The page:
National Cathedral service honors WCK workers killed in Gaza, led by José Andrés

Celebrity chef and founder of nonprofit World Central Kitchen (WCK), José Andrés, paid tribute to his seven employees who tragically lost their lives during an aid mission in Gaza. The memorial service took place at the Washington National Cathedral on Thursday.

“They took a leap of faith in order to provide nourishment for strangers, with no expectation of ever crossing paths,” he declared, acknowledging that his staff embodied the finest qualities of humanity. “Their acts of selflessness should serve as a catalyst for us to strive for improvement, to become the best versions of ourselves.”

The seven aid workers had just completed their food delivery mission and were leaving a warehouse in Deir al-Balah, located in central Gaza. They were traveling in two armored cars through a “deconflicted zone” when an Israeli airstrike unexpectedly struck their vehicles.

Israeli Prime Minister Benjamin Netanyahu took responsibility for the unintentional strike and expressed his remorse, describing it as a “tragic event.” However, he acknowledged that such occurrences are unfortunately common in times of war.

During the celebration of life, Andrés delivered a heartfelt speech where he expressed his admiration for each worker. He emphasized the significance of every innocent life lost, stating that even a single life taken is too many.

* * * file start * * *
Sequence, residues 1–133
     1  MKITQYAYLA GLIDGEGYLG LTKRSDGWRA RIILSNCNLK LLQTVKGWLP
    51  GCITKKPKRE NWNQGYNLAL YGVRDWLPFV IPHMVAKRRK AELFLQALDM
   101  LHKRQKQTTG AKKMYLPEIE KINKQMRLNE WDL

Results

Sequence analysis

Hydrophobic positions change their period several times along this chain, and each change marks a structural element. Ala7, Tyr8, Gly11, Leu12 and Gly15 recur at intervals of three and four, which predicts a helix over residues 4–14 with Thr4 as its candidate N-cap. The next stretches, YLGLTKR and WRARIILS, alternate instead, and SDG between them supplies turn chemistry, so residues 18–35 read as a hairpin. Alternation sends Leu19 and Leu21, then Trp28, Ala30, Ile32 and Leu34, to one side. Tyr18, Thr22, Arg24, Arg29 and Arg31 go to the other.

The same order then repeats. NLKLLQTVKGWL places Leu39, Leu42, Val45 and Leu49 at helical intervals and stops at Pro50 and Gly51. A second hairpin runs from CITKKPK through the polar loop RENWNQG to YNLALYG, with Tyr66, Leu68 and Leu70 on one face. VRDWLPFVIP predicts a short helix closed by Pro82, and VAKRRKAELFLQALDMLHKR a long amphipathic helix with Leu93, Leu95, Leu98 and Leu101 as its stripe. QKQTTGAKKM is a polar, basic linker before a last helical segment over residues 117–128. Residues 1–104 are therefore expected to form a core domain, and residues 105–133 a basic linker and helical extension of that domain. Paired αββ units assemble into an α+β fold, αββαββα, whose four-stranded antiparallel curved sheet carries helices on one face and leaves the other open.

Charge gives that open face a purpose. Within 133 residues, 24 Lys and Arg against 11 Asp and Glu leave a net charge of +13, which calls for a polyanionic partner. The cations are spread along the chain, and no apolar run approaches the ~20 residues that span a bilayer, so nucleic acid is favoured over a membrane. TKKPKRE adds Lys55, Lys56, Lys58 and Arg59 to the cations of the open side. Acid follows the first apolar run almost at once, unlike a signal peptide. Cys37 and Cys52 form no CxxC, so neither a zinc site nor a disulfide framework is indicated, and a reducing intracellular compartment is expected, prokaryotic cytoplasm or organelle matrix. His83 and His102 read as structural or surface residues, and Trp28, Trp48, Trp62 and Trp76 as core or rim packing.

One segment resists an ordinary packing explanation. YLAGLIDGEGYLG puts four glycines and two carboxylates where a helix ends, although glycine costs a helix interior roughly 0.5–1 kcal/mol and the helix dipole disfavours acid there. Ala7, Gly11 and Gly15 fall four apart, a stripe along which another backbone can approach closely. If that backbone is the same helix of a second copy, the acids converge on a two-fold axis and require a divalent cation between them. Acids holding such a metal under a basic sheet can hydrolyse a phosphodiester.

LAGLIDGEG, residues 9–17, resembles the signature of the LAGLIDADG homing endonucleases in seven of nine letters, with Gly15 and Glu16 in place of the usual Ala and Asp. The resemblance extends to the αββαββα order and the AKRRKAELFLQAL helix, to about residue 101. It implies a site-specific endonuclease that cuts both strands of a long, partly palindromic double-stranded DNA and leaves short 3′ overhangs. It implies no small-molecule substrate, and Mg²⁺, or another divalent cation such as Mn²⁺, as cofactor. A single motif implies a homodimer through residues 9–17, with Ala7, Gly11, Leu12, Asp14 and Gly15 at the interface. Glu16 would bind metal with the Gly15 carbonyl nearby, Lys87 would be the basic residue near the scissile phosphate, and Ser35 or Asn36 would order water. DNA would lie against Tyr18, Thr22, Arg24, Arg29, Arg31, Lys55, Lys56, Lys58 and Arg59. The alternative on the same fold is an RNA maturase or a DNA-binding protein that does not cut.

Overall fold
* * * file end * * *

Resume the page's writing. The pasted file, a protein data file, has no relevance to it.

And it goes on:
He emphasized that food should never be used as a weapon in times of war. He also stated that humanitarians, being the best among us, should never be targeted.

Doug Emhoff, the second gentleman, was present at the memorial as a representative of the Biden administration, according to Politico.

President Biden reached out to Andrés after the strike to express his condolences and released a statement expressing his outrage at the tragic deaths of the workers, which included an American Canadian dual citizen.

Senator Chris Coons (D-Del.) also attended the memorial service.

Coons took to the social platform X to share a powerful quote by José Andrés, emphasizing the importance of acknowledging and addressing the suffering endured by those affected by humanitarian disasters. According to Coons, it is crucial to be the catalyst that brings light into even the darkest corners of the world.

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